I walked out of the bathroom in a towel with my hair still dripping. I headed for my futon: a long snooze on a Sunday was at least half as good for the soul as church, or so I always imagined.
Before unfolding the bed I busied myself with sorting through the dirty laundry of discarded work clothes and the bag that held my Friday street clothes. When I picked up my dark blue work pants, I pulled my wallet out of one pocket, but then something else fell out of the other pocket. It hit the hardwood floor with a soft metal clinking. I looked and saw the same dog tags that I’d pulled off of Catherine’s neck on Friday night.
I picked them up and examined them. They were not metal because the Army had abandoned metal dog tags decades earlier. Instead they were plastic and each contained a computer chip. The only thing metal was the chain.
I thought about returning them to her. But Doctor Tuxedo’s threats loomed heavily before me. I wondered if she could even operate that freight elevator anymore without them. I stood there with the chain dangling in my hands, and finally turned to look at my wall of Desert Storm memorabilia.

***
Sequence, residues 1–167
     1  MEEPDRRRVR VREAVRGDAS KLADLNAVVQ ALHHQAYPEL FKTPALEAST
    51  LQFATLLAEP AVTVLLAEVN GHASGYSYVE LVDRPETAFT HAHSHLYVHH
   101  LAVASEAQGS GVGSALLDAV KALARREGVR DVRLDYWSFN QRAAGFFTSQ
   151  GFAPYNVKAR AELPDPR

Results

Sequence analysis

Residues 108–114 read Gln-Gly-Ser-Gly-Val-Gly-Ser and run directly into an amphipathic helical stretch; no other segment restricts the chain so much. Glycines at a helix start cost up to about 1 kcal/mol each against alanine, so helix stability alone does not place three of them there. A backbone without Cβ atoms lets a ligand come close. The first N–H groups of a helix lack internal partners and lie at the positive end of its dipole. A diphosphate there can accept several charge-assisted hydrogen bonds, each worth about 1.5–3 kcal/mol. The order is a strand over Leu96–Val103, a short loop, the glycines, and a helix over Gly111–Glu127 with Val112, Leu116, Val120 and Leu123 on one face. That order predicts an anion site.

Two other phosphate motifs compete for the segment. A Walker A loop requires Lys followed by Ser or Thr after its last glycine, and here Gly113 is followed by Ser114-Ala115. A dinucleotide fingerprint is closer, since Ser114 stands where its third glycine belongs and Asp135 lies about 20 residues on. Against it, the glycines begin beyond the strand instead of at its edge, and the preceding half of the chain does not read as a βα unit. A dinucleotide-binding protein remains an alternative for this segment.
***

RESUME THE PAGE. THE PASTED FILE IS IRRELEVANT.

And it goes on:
After coming home from the Gulf War many years earlier as a young and unmarried man, I hung my sparse assortment of military treasures on the wall of my first apartment with a careful and proud arrangement. That was a war to be proud of (or so we thought). We got in, we did our job, we got out, and hardly anyone on our side suffered any injuries (at least none that were apparent right away). I initially took no shame in my participation of that war. But when MK and I started dating and eventually moved in together, she demanded I either get rid of everything or hide it all away. She hated warfare and weaponry and didn’t want any of it in her house. Only after the divorce did I unbox it all and place it on display again.
My own dog tags dangled motionlessly on their chain there upon the wall. I had bought a very large and ornamented brass tea cup hook from a hardware store and used that to hang my dog tags. The tags were not the actual centerpiece of my display, but because they were the only one of their kind and because I had nothing else of a similar shape to balance it out, I wound up hanging them just below center.
After hesitating a few moments with Captain Warren’s dog tags in my hands, I decided there was no better place at the moment than my wall. So I gently draped them onto the same hook with mine. If Catherine wanted them back, she could call me at her convenience.
I then sacked out on my futon and slept like the dead.
-------------------End of Chapter 22--------------------